Guide Planning London for the Post-War Era 1945-1960

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This empire had largely been granted independence by , beginning with independence for India and Pakistan in Fragments remained. A war was successfully fought with Argentina in when the latter attacked the Falkland Islands, a colony inhabited by British settlers since The most populous of Britain's remaining colonies, Hong Kong, was only handed over to China in As empire receded fast, Britain seemed a diminished power. Nonetheless, it became the third state in the world to gain the atom bomb in, followed by the hydrogen bomb in Defence in the post-war era largely consisted of the protection of Western Europe against the threat of Soviet invasion, and Britain played a key role in this confrontation which became known as the Cold War.

Britain became an active member of international organisations, not least the United Nations, of which it was a founder member and held a permanent seat on the Security Council. Closer to home, troops were deployed in Northern Ireland from in response to an outbreak of sectarian violence, which rapidly became a major terrorist challenge. In the s, a peaceful end to the 'Troubles' was negotiated, but tension continues. In contrast to the situation in Northern Ireland, Welsh and Scottish nationalism remained essentially non-violent, and in each gained a devolved assembly exercising a considerable amount of local control.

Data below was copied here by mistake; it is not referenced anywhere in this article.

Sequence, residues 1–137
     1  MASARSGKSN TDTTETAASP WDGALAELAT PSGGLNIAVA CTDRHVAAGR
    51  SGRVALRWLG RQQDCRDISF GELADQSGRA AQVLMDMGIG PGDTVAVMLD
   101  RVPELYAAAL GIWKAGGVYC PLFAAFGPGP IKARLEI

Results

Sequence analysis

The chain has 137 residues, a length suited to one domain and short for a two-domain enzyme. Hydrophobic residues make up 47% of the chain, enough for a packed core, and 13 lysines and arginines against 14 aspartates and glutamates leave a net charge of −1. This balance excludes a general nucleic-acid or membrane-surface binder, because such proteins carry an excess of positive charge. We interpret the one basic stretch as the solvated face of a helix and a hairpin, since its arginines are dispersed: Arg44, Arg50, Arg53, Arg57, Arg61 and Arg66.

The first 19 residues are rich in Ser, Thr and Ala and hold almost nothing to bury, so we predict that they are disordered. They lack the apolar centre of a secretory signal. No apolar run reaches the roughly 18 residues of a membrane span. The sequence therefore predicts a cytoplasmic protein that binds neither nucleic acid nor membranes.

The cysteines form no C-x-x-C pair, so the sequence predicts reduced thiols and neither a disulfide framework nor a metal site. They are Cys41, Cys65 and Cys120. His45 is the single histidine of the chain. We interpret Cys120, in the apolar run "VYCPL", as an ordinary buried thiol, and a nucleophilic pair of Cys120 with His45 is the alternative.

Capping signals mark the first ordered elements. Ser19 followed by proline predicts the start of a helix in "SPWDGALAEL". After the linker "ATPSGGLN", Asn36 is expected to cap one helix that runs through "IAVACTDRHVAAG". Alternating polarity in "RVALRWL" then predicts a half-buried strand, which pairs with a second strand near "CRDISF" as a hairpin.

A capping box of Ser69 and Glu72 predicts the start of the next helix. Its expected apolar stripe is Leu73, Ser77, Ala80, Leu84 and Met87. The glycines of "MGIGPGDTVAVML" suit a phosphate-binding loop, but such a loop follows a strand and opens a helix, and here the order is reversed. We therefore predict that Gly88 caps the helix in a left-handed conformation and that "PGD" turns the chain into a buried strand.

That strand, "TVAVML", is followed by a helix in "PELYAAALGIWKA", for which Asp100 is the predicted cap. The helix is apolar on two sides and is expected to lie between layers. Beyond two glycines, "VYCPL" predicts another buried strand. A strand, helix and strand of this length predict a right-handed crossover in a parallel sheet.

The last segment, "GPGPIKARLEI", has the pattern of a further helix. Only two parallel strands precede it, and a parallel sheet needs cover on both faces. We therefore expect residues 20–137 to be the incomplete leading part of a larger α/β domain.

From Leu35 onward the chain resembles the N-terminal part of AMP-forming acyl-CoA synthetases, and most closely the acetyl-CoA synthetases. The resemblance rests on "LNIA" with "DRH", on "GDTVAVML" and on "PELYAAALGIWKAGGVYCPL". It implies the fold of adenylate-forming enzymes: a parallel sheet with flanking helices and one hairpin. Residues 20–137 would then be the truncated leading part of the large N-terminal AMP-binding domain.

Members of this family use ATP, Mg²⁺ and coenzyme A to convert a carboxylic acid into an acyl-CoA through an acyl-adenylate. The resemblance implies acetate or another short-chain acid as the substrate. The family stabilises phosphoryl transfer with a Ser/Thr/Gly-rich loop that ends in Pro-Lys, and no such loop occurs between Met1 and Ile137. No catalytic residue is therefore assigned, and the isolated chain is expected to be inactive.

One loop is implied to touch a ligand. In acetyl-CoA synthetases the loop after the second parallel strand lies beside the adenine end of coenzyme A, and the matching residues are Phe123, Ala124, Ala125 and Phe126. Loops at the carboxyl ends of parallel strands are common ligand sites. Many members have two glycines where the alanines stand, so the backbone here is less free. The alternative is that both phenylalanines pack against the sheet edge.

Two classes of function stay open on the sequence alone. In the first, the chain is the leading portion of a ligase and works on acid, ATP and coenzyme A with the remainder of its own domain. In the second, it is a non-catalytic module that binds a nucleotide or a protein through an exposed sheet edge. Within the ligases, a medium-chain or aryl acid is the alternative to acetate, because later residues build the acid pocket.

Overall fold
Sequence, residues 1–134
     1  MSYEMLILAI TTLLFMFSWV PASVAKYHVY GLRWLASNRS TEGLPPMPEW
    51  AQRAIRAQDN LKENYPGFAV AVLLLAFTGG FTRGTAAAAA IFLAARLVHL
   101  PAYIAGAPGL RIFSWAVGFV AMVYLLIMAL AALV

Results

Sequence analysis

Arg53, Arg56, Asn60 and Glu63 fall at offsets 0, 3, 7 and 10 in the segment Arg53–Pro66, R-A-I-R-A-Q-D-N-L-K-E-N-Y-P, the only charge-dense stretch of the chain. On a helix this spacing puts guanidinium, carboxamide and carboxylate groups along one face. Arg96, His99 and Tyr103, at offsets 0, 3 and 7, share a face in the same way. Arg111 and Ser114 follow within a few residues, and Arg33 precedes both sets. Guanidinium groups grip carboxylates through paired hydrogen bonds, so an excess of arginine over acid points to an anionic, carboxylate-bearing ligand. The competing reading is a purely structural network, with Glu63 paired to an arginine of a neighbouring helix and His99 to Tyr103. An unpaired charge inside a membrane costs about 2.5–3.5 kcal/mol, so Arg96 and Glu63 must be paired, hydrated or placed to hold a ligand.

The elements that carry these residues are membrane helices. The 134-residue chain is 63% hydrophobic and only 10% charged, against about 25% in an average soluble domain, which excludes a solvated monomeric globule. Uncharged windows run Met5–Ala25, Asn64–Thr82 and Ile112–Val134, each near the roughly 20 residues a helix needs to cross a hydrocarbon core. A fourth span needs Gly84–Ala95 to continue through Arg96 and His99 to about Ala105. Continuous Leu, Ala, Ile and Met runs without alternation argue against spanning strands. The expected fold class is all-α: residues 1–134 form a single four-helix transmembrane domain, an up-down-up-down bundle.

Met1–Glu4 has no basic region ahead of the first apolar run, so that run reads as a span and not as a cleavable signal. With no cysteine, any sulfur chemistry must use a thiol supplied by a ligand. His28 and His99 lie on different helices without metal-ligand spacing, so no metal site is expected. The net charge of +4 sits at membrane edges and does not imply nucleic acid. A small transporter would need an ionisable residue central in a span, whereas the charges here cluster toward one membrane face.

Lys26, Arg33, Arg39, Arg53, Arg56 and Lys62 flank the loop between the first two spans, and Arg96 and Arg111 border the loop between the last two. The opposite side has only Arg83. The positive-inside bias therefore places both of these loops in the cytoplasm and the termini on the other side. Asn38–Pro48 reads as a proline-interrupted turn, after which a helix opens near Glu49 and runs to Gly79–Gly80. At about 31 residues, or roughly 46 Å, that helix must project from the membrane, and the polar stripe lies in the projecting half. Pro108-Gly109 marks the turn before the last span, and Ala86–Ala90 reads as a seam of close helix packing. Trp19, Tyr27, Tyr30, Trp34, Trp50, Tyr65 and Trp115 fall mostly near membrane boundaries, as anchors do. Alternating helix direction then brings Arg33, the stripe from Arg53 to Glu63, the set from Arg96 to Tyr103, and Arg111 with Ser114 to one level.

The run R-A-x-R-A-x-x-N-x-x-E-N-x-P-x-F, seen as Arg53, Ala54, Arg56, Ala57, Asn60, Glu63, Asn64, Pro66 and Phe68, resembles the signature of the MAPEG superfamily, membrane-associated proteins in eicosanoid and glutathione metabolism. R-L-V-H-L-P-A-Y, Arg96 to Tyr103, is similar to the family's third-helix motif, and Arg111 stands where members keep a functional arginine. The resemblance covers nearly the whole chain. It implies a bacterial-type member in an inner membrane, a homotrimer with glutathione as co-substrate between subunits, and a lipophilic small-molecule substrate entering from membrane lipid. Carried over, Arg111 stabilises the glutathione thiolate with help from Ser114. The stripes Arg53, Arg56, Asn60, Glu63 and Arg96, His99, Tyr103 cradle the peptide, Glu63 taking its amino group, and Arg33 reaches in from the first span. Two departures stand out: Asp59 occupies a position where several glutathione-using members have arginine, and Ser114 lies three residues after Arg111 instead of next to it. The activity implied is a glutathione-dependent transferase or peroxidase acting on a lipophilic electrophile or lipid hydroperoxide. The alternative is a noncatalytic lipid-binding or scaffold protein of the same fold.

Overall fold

At times, Britain itself appeared to be going the same way, as entry into the European Economic Community EEC - later European Union EU - in led to a marked erosion of national sovereignty and to a transfer of powers to Europe.